Oh my gosh. Someone wants to build a building for a German social organization and actually wants the design to look German in style. Next thing you know, someone will want to make the French Quarter look, well, you know — French.
Actually the Vieux Carre is more Spanish in design than French, but the point is that European design has long been a part of our skyline.
Nevertheless, according to a story in the New Orleans Advocate headlined “Deutsches Haus Must Revamp Design” city planners have said that the Haus’ new building should be “less Germanic-looking.” In the story, by ace reporter Jaquetta White, the planning commission staff is “concerned that the proposed design ‘does not mesh well’ with the surrounding neighborhood or the city as a whole.”
The Deutches Haus has been a popular gathering point in the city, particularly for its series of weekend Oktoberfest celebrations. A new facility is being built along Bayou St. John at Moss Street, in the vicinity of the site known as the police training academy, because the previous location on S. Galvez Street was razed as part of the new hospital project. Deutches Haus is believed to have gotten a generous settlement, which allows for the construction of a new facility.
As for the architecture, I am baffled how the design does not “mesh” well with the neighborhood. Other than the cuoplas from the Fairgrounds in the distance it is not a neighborhood with a memorable skyline or great architecture, certainly not the nearby box-like Park Esplanade Apartments.
According to White’s reporting: "The proposed design was inspired by traditional Germanic architecture including steeply pitched ‘jerkinhead’ or half-hip roofs that are embellished with a patterned tile design.” Sounds interesting to me.
Keith Oldendorf, Deutches Haus’ president, was quoted stating that the group felt that the plan, “best expresses the Germanic heritage that we would like to represent to the city… .”
Officials for the Haus say that they went through a lengthy design process and that a redo would be costly and delaying. The submitted design was by the prestigious firm Mathes Briere Architecture.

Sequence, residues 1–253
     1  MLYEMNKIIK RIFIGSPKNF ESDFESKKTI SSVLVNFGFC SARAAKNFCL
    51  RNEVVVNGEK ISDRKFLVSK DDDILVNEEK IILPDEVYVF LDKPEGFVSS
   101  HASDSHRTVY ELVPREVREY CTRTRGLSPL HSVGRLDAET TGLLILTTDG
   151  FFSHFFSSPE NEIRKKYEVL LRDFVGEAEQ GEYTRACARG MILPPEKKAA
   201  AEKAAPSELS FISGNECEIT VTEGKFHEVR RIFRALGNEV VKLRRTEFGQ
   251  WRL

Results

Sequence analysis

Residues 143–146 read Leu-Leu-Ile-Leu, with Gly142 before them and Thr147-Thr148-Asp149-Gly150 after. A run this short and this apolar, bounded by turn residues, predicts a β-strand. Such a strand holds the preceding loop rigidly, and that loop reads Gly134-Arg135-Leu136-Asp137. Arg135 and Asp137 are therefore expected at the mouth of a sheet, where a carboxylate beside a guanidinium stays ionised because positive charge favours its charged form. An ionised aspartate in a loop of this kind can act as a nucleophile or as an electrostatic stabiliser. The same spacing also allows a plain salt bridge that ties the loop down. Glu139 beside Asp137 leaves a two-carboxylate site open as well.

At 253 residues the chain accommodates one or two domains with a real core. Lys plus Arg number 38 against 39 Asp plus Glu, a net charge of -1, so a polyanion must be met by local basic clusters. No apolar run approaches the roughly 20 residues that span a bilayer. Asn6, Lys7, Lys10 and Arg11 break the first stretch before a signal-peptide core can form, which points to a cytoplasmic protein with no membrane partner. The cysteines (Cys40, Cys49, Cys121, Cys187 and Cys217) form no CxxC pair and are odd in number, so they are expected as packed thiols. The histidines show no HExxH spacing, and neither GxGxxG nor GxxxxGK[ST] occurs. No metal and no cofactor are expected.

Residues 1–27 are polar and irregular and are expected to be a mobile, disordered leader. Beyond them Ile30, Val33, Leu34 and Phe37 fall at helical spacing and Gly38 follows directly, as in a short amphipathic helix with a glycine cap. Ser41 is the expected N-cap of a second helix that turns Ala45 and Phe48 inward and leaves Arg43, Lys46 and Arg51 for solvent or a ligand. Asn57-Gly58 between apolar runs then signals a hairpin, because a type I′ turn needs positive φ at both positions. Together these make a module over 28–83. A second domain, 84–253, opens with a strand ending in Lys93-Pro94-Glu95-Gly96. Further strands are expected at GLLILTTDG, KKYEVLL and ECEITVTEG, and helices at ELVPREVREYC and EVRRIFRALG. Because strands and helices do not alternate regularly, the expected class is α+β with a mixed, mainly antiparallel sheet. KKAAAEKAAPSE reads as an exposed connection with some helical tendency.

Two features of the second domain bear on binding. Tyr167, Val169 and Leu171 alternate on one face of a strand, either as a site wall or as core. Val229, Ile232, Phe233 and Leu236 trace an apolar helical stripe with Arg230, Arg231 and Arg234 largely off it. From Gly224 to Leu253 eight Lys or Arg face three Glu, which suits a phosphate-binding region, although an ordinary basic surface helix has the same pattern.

In a city somewhat respected for its architecture I can understand the commission staff’s concern about something jarring in the skyline. I would argue, however, that jarring can be good too if it is interesting. For example, there is the city that is best known for its architecture, Paris. I can think of three buildings there that did not mesh well with their surroundings. One is the Pomidou Center, a neo-modern cultural edifice that looks like it was built inside out. The other is I.M. Pei’s Pyramid, a triangular glass structure in the back yard of the Louvre that was criticized for having nothing to do with its surrounding. And lets see — what was the third one? I remember hearing that people hated it because it was like a tall needle piercing through the skyline. Oh yes, the Eiffel tower, a despised piece of architrave at the time of its construction. Across the channel, that 440 foot tall Ferris wheel on the banks of the Thames in London did not at first seem like it belong in the skyline of that city of international business and global politics. Now it is a landmark as the wheels keep turning.
If the Deutches Hauls would be allowed to do what it wants, the building would be another curiosity in a city loaded with them. The final decision will be up to the city council. May the pounding of pile rivers quickly be replaced by oom-pah-pahs along the bayou.
BOOK ANNOUNCEMENT: Errol’s Laborde’s new book, Mardi Gras: Chronicles of the New Orleans Carnival (Pelican Publishing Company, 2013), has been released. It is now available at local bookstores and online.